9/17/2010

Poverty:Global & Ever-Present



Because of the bad economy, everyone is having a hard time these days. Recently, the Census released a report, revealing that approximately 14.3 percent of Americans live in poverty, and the numbers are even worse for people of color.

But what the United States is going through right now is something many in the developing world have been dealing with for many years. This week, world leaders are gathering at the United Nations to discuss the poverty question. U.N. Secretary-General Ban Ki-moon is leading the discussion.

From CNN:

"We have led you to the river, so what are we asking of you today?" he asked a U.N. summit on global goals to fight poverty, hunger and disease. "To stay true, true to our identity as an international community built on a foundation of solidarity, true to our commitment to end the dehumanizing conditions of extreme poverty."
But what about debt? Evo Morales might have a solution...

Morales also called for the establishment of a bank for developing countries in the southern hemisphere, including those in Africa and Asia. The bank, if funded with a percentage of the countries' international reserves, could help the countries "break away from our dependency on the International Monetary Fund and the World Bank," he said.

During the four years he has served as president, the break with the IMF and the World Bank has helped Bolivia, he said.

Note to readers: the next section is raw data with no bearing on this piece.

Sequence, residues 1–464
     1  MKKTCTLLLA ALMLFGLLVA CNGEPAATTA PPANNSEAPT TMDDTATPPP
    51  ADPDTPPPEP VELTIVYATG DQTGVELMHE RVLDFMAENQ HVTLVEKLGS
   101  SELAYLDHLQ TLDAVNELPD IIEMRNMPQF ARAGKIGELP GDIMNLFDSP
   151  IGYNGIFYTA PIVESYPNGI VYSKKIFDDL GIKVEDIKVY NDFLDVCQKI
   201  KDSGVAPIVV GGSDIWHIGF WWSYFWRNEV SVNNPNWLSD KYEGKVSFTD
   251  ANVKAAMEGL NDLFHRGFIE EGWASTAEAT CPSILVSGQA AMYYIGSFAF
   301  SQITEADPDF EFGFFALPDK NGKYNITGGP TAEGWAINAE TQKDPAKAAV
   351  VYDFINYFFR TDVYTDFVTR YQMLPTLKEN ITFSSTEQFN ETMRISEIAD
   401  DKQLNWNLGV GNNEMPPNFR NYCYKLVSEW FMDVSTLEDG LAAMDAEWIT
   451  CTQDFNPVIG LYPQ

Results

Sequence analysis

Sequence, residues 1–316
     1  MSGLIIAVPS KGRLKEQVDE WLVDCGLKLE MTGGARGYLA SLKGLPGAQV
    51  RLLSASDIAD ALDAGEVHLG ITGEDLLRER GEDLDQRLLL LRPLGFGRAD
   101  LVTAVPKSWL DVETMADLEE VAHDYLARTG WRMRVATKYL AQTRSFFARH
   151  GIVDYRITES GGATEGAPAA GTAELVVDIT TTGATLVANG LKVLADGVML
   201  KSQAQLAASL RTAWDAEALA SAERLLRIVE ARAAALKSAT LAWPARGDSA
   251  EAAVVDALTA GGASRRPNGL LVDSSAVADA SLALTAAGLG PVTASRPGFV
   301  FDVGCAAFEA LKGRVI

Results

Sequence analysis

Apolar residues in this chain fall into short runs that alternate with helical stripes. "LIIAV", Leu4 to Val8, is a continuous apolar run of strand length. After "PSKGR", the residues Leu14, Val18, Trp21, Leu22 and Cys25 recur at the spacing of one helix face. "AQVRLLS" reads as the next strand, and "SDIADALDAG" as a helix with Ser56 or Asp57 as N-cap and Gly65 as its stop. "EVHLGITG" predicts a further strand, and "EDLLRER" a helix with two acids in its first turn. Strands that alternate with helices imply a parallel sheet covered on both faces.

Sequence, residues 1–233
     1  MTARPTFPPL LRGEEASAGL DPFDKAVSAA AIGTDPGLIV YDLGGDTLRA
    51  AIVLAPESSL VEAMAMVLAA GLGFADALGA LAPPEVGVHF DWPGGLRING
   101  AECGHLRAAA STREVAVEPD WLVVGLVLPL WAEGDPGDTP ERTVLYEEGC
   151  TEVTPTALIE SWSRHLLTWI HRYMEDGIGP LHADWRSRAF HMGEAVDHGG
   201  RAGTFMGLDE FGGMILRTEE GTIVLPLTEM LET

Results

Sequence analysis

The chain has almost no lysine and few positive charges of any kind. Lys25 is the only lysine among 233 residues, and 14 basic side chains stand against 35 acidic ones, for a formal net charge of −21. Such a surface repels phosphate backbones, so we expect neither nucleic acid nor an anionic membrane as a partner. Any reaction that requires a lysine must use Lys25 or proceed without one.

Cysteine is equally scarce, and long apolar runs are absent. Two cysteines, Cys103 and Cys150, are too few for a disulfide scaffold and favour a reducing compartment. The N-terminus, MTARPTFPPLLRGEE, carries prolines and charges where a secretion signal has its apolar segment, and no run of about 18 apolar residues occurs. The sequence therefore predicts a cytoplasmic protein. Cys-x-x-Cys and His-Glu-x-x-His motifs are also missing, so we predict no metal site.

"Without the IMF, we're better off than we were before," he said, citing eradication of illiteracy, a drop in extreme poverty from 41 percent to 32 percent and a 42 percent drop in infant mortality.

But Bolivia will not be able to meet the millennium goals unless the distribution of wealth is made more equal, he said, noting that a recent U.N. report says that the poorest 40 percent of the world's population has only 5 percent of global income, while 70 percent of world income goes to the top 5 percent of the world's population.

"That is unfair distribution of wealth," he said. "Our task should be oriented toward putting an end to this unfair distribution."

Labels: ,

2 Comments:

At Monday, September 20, 2010 3:48:00 PM, Anonymous sherman in surrey said...

poverty is the greatest tragedy of our time. much of it is caused by the many of the lunatic heads of state gathering inside the UN this week. a revolution will have to come to rid poverty in the world

 
At Sunday, September 26, 2010 10:15:00 PM, OpenID chicleatomico said...

¡¡¡Viva Evo!!!

 

Post a Comment

<< Home